a selection of hero/villain shorts
inspired by the dialogues of @the-modern-typewriter
“If it were up to me,” the hero said, their fingers closing around the villain’s wrists, “I’d kill you now. Oh, I’m not actually going to, of course. I like to think I still have some sort of moral compass left, even after everything that’s happened. Even after everything I’ve done. Everything you’ve made me do.” Without quite meaning to, they tightened their grip. It felt as though something was bubbling up from deep inside them, something dark and rotten and long-hidden that wanted to get out. “But if I didn’t…oh, the things I could do to you. I could break your bones one by one. Start with your fingers, and see how long it took you to start screaming. Isn’t that what you did to that nice young man who tried to double-cross you?” The villain didn’t respond. “Of course, if that doesn’t appeal to your delicate sensibilities, I could just string you up instead. Hang you by your wrists like a piece of meat. Or I could - ” They broke off. “Wait a minute. Are you getting off on this?”
“No,” said the villain, unconvincingly.
“What,” said the hero, “are you doing in my house? And in my dressing gown?”
“Making you breakfast!” The villain brandished a spitting frying pan as evidence. “I couldn’t help noticing last week that you’re just not filling out that super-suit of yours like you used to. You need feeding up, otherwise our battles are going to get terribly one-sided. I’ve done you some bacon, see?”
The hero sniffed. The bacon reeked of bitter almonds, with a faint trace of lemon underneath - presumably an attempt to cover up the smell of the poison, which they judged was probably enough to kill an elephant. Several elephants. “You do know I’ve been trained to recognise the smell of cyanide from a distance of five feet or less?” they said. “Here’s a tip: try using something odourless next time.”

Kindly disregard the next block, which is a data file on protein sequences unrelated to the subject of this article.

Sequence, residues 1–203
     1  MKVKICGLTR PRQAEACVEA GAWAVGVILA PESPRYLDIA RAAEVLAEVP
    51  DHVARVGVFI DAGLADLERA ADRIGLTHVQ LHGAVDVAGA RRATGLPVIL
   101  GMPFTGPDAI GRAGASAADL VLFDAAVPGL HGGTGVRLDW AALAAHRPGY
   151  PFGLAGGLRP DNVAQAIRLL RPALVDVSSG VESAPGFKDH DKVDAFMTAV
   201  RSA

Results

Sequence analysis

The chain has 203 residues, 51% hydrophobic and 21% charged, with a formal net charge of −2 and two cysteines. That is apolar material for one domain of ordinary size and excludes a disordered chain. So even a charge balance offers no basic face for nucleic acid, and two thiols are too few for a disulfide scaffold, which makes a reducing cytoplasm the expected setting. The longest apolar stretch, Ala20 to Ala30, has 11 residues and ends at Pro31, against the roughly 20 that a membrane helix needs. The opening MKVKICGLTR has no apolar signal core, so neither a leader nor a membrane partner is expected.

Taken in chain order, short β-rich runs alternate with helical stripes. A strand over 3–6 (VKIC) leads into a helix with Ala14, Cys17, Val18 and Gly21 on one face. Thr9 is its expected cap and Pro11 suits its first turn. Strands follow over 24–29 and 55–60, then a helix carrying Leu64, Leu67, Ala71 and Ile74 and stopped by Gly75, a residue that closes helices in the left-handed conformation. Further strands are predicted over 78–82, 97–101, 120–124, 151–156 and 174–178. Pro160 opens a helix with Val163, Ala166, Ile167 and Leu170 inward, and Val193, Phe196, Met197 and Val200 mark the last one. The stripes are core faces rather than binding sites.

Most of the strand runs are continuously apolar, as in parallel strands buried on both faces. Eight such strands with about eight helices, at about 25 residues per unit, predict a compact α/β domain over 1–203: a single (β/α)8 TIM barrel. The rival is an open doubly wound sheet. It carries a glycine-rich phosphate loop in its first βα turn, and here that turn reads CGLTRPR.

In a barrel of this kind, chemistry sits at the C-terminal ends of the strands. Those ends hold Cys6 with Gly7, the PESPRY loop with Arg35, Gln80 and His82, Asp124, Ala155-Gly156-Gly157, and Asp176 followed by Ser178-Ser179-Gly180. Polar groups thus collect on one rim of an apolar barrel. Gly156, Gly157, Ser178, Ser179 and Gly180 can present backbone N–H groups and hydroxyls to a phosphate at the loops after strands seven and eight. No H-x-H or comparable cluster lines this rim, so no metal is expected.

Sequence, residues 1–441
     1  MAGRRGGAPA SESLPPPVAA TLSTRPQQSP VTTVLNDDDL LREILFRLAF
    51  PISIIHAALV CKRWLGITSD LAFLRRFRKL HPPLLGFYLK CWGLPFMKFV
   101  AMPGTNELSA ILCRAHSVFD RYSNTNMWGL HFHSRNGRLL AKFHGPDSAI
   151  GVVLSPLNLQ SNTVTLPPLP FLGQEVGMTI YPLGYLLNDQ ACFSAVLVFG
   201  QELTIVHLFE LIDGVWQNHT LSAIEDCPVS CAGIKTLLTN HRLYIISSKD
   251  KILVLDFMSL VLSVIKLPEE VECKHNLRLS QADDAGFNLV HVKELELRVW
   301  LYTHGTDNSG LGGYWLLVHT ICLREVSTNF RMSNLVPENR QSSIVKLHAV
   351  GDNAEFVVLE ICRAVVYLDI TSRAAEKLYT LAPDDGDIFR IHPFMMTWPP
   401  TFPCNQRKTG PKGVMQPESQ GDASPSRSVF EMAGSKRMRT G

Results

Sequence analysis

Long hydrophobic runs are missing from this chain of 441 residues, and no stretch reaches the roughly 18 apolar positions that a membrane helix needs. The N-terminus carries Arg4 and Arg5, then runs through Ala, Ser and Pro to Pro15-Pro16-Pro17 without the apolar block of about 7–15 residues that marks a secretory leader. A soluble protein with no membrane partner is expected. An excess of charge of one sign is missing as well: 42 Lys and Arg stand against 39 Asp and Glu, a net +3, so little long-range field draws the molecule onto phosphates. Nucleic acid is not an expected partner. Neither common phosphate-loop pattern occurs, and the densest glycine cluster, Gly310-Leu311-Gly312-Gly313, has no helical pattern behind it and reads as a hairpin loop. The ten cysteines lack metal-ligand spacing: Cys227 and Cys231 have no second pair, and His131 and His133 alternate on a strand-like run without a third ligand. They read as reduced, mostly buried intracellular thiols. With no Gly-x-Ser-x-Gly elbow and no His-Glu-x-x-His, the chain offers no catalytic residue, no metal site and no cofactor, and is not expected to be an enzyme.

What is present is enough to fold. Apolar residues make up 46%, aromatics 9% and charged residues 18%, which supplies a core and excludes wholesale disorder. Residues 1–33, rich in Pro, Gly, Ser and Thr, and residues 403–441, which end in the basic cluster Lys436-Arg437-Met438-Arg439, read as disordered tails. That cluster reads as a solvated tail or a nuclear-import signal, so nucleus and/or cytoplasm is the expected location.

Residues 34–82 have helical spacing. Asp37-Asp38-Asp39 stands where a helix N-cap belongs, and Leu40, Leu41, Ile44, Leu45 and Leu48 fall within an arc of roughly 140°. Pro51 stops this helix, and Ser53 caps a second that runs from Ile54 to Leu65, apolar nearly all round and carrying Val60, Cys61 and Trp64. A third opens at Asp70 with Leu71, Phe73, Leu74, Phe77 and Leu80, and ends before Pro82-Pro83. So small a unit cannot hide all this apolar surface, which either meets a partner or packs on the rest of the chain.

The villain looked downcast. “I was only trying to be nice.”
“And murder me,” the hero pointed out.
“Well - yes, but in a nice way.”
“How did you even find out where I live?”
The villain finished securing the cable ties around the hero’s ankles. “Oh, I hacked into those security cameras you installed to keep away intruders. Ironic, really. Sorry - are these too tight?”
“No, they’re - wait, you hacked into my cameras?”
“Well, yes,” the villain said, as though it were obvious. “The encryption on them was terrible, and I was curious. By the way, I’m glad to see that what they say about men with big feet is true.”
The hero covered his face with his hands.
The hero slammed the villain up against the wall rather harder than was necessary, relishing the choked-off sound they made as their back hit the metal. They tightened their arm so that the muscles bulged, cutting off the villain’s air supply, and snarled directly into their ear, “I know what you did.”
The villain made a desperate hand gesture that could reasonably have been interpreted as What are you talking about? The hero relaxed their grip slightly, finally allowing their enemy to breathe - albeit only in shallow, retching gasps. “I know what you did,” they said again. “You turned those innocent people into mincemeat over a fucking business transaction. I already knew you were scum, but this is a new low.”
“Wasn’t me,” the villain said, their voice rough around the edges.
The hero laughed, short and sharp. “You expect me to believe that?”
“Well, exacting bloody and disproportionate retribution for imagined slights is one of my favourite pastimes,” the villain said, and gasped as the hero’s arm tightened around their neck again. “No, wait! Wait. Listen. I’m not guilty this time, honestly. Hand on my cold black heart. Half of those people were in my employ, what would I gain by getting rid of them?”
“Prove it,” the hero hissed.
“Let me down, and I will,” the villain said, coaxingly.
The hero hesitated, their grip just loose enough to pin the villain in place. For a second, their eyes locked, and the hero thought - or imagined - that they saw a hint of sincerity somewhere in there.
I’m going to regret this, they thought grimly - and lowered their arm.
“Oh, please,” the villain sneered. “You’re not going to kill me, you’re too - ”
Without even bothering to look, the hero fired. Blood sprayed outwards in a semicircle, spattering the wall behind where the villain’s head had been. Their body swayed, then toppled gently to one side, collapsing on to the floor as though all the air had been let out of it (which, in a way, it had). The hero turned and stared at the mess.
“Well, that was a lot easier than I was expecting,” they said.